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Re: 5 more proofs and more

I have finally found the "Zeno Map". The map was not part of the original
Zeno Narratives or documentation.  The map was apparently concocted by a
Zeno descendant more than 200 years after Henry's trip. How from this
convoluted,  twisting map path, cited by Clan Sinclair USA, did Columbus,
who had been dead for about a hundred years (1506 AD), wind up with this
Map? Columbus first wife, Filipa Perestrello e Moniz, died in 1485 AD.

The Zeno Map charts the North Atlantic as does Pope Urban's.  Columbus, a
humble Genoese, son of a weaver, part-time seaman and dealer in books and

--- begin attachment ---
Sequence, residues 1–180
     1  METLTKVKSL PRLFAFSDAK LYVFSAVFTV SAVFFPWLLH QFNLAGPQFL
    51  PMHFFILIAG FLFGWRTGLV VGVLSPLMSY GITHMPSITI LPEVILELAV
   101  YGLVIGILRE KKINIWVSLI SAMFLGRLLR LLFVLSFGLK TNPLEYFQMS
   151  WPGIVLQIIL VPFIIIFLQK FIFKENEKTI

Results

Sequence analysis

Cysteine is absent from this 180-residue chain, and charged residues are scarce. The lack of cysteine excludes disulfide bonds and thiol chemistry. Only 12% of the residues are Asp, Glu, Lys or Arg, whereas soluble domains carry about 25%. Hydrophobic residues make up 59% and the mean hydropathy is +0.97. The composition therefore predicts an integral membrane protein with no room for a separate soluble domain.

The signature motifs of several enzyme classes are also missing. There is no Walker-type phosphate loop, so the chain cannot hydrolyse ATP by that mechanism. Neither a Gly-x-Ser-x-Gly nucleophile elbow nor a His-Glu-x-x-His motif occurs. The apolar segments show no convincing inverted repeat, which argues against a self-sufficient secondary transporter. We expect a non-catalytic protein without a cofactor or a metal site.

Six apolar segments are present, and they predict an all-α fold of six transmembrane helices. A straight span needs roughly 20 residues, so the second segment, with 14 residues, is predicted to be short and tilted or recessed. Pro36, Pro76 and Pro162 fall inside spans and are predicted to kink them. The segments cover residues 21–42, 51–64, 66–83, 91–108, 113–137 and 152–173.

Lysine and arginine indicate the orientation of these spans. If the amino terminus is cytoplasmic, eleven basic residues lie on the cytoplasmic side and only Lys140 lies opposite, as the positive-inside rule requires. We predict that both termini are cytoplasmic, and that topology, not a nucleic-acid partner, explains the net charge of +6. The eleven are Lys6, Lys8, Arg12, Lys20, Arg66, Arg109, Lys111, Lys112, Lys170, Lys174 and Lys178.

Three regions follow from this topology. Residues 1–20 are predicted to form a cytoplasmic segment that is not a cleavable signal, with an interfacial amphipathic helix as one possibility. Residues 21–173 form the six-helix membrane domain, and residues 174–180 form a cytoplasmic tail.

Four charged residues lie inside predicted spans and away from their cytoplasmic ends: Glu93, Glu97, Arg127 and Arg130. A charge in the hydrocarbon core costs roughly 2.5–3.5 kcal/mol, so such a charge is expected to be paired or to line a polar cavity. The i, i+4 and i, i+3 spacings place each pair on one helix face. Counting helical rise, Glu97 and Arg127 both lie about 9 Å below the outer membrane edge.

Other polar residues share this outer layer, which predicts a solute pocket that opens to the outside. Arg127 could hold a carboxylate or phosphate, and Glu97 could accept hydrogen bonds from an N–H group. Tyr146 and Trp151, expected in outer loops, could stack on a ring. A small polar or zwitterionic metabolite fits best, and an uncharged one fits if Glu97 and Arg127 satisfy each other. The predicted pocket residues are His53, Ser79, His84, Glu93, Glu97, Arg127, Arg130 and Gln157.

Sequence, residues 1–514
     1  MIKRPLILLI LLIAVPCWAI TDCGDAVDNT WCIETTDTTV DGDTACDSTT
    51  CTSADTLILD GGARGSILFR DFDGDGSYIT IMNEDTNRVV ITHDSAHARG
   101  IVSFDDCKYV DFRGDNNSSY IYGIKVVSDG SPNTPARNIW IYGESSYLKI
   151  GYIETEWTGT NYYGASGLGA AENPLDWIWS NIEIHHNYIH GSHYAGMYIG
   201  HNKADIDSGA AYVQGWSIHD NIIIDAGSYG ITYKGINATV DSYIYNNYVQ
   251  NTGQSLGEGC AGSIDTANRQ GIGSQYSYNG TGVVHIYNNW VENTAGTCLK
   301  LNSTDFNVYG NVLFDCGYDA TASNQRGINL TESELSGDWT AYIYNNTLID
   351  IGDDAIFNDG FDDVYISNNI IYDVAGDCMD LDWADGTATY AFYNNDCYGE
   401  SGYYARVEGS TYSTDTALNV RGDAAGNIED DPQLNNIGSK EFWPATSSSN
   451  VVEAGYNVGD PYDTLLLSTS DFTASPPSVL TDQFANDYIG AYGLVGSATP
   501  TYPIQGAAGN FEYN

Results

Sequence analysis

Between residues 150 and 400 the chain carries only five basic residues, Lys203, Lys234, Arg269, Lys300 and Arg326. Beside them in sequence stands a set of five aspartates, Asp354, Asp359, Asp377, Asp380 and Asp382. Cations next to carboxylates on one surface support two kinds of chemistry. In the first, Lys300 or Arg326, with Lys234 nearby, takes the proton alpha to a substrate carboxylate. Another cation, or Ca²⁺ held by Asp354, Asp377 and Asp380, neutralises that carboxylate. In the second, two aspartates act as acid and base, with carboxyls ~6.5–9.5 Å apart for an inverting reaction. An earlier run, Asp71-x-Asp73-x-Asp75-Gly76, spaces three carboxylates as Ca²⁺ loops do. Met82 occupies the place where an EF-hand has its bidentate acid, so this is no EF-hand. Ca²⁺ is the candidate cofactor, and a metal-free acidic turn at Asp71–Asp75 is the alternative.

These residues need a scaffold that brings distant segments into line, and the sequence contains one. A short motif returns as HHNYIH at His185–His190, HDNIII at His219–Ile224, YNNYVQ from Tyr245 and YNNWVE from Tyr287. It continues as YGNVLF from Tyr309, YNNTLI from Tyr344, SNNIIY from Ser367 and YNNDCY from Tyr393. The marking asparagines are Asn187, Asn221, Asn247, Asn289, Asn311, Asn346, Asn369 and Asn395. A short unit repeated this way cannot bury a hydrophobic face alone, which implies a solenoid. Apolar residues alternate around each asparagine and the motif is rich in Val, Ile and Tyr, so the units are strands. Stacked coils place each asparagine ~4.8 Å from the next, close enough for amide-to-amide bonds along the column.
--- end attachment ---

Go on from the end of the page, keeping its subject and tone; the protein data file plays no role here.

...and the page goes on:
maps who married well, discovered the Trade Winds.  Is there any reliable
information that he ever saw North America, much less New England and

I am aware of arguments  that Columbus used a secret map obtained prior to
making his first voyage; that he made the voyage to "hunt for gold"; and,
that he falsified his daily logs. The map of Juan de la Cosa (supposedly a
student of Columbus), drawn after the second voyage, a portion of another
map drawn in 1502 AD by a someone known as Cantino, a map by Waldseemuller
dating from 1507 AD, and a reconstructed map probably drawn in 1990 AD
containing "elements of information Columbus might have held in his hand
when he sailed from Spain in 1492 AD all fail to mention the Zeno Map.  All
is speculative but it appears that the Zeno Map and apparently the 'Columbus
Connection' is out of the frame.

Are we entering the world of mythology,  where facts, let alone truth, have
become irrelevant. Debunking the Henry story may give a gleaming, shining
Prince or a rather pedestrian Earl.

Does anyone have any reliable information on this Zeno  map?